Water cleaning
The water storage and clean water treatment system at Tân Hiệp Water Plant in HCM City's Hóc Môn District is checked every hour. Photo courtesy of tuoitre.vn

How to reform the water sector in Ho Chi Minh city: Lessons from Phnom Penh

The reform of the water sector requires the consensus of the people and a reasonable change management roadmap. In Vietnam in general, or in large cities like Ho Chi Minh City specifically, there is no need to search far for lessons.

Water is essential for life, but not everyone has access to clean and affordable water. In Ho Chi Minh City (HCMC), the largest city in Vietnam, the water sector faces many challenges in providing safe and reliable water services to its residents. The city's main water source is the Saigon-Dong Nai river system, which is increasingly polluted by industrial and agricultural activities. Climate change also poses a threat to the water supply, as saltwater intrusion affects the quality of freshwater.

Multiple problems with water supply

The water company in HCMC, SAWACO, was established in 1874 and has a long history of serving the city. However, its infrastructure is outdated and inefficient, resulting in high water losses and low water pressure. The water tariffs are low and do not cover the full cost of production and distribution. Many households have to use additional devices to filter or boil the tap water before drinking or buying bottled water, which increases their expenses.

How can HCMC reform its water sector to achieve sustainable development and meet the needs of its people? A possible model to learn from is Phnom Penh, the capital of Cambodia, which has transformed its water sector from a dismal state in the 1990s to one of the best performers in developing countries today.

Phnom Penh implemented reforms

Phnom Penh faced similar problems as HCMC in the past: inadequate water supply, poor water quality, low water tariffs, high water losses, and low customer satisfaction. The turning point came in 1993 when a new management team took over the Phnom Penh Water Supply Authority (PPWSA) and implemented a series of reforms to improve the company's service delivery and financial viability.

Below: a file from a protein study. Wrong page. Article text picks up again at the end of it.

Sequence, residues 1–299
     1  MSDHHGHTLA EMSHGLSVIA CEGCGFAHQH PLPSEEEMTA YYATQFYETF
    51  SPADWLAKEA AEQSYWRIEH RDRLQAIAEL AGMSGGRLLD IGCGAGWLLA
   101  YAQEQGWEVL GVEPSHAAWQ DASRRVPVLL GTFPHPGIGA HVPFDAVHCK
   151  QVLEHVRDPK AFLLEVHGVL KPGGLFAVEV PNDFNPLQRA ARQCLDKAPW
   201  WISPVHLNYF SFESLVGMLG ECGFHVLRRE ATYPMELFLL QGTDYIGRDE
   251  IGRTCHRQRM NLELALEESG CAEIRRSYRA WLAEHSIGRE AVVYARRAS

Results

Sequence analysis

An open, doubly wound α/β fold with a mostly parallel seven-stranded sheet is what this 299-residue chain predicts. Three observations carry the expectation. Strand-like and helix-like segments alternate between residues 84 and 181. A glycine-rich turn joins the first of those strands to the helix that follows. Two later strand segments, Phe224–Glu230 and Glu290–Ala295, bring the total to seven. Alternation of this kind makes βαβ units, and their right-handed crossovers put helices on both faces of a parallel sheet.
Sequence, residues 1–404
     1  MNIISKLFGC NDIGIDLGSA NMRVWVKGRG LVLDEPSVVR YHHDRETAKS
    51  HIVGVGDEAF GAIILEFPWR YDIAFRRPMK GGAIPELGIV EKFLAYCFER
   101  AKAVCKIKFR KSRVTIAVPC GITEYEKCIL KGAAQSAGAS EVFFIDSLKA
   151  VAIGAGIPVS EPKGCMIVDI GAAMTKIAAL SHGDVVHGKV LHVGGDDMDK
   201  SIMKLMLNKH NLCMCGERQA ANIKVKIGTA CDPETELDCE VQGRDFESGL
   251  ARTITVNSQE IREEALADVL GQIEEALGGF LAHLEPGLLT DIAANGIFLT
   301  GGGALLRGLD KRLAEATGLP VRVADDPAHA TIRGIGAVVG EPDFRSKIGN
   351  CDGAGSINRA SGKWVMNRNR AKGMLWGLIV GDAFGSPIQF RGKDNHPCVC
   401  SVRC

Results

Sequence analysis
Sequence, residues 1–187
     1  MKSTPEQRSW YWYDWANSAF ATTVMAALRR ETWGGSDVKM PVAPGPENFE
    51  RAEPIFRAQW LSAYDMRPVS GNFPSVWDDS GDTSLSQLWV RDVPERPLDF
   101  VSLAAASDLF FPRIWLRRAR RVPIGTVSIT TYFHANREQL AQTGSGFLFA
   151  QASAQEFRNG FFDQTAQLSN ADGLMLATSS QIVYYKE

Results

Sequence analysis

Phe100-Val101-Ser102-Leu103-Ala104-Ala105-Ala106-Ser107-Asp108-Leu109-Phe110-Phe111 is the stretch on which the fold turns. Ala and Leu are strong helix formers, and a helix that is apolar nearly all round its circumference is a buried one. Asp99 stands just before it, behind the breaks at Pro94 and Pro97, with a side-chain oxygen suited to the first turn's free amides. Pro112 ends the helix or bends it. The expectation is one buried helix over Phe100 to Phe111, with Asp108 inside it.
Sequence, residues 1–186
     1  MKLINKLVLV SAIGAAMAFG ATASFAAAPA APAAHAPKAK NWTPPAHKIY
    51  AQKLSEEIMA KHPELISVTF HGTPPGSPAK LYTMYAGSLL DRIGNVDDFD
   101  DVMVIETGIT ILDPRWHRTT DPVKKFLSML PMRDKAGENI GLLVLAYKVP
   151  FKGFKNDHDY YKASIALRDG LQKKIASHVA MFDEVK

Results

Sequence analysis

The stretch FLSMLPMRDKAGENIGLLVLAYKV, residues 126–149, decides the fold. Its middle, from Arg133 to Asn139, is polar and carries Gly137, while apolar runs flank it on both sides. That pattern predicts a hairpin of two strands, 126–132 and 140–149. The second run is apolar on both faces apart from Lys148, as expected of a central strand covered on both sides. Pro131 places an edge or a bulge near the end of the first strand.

The key reforms included:

     - Increasing water tariffs gradually and transparently, based on the principle of cost recovery and social equity. The tariff adjustments were accompanied by service improvements, such as expanding coverage, reducing interruptions, and enhancing quality. Customers were willing to pay more for better service and saw the benefits of the reforms before the new tariffs were applied.

     - Enhancing management autonomy and accountability. PPWSA was given the authority to make operational and investment decisions independently, subject to approval by its board of directors and relevant ministries. PPWSA operated as a commercial entity but with clear guidance on its social responsibility.

     - Reducing non-revenue water (NRW), which is the difference between the amount of water produced and the amount of water billed to customers. PPWSA invested in upgrading its infrastructure, installing meters, repairing leaks, detecting illegal connections, and enforcing payment collection. As a result, NRW dropped from about 80% in 1993 to nearly 6% in 2011.

Important lessons learned

The reforms paid off: PPWSA increased its revenue and profitability, improved its service quality and reliability, expanded its customer base and coverage, and gained public trust and recognition. Today, PPWSA provides clean and affordable water to almost 100% of Phnom Penh's population.

The success story of PPWSA offers valuable lessons for HCMC and other cities facing similar challenges in their water sectors. The main lessons are:

     - Getting prices right. Water tariffs should reflect the true cost of production and distribution while ensuring affordability and access for all. Low or subsidized tariffs are not sustainable or fair. Water users should pay for the service they receive and expect quality improvements in return.

     - Getting management right. Water companies should have autonomy and accountability to implement reforms effectively. They should operate as commercial entities with social objectives, rather than as state-owned enterprises with political interference.

Setting even higher goals

HCMC has already set a goal to achieve universal access to safe and affordable drinking water by 2030, as part of the Sustainable Development Goals (SDGs). HCMC also has the potential to lead the country in providing water services - a basic and essential service - for its people. But it needs to overcome many obstacles and make significant changes in its water sector. Learning from Phnom Penh's experience could help HCMC achieve its vision for a better future.


Note: This is a version modified from the original post in Vietnamese, which can be accessed here.


Blog post | 1 June 2023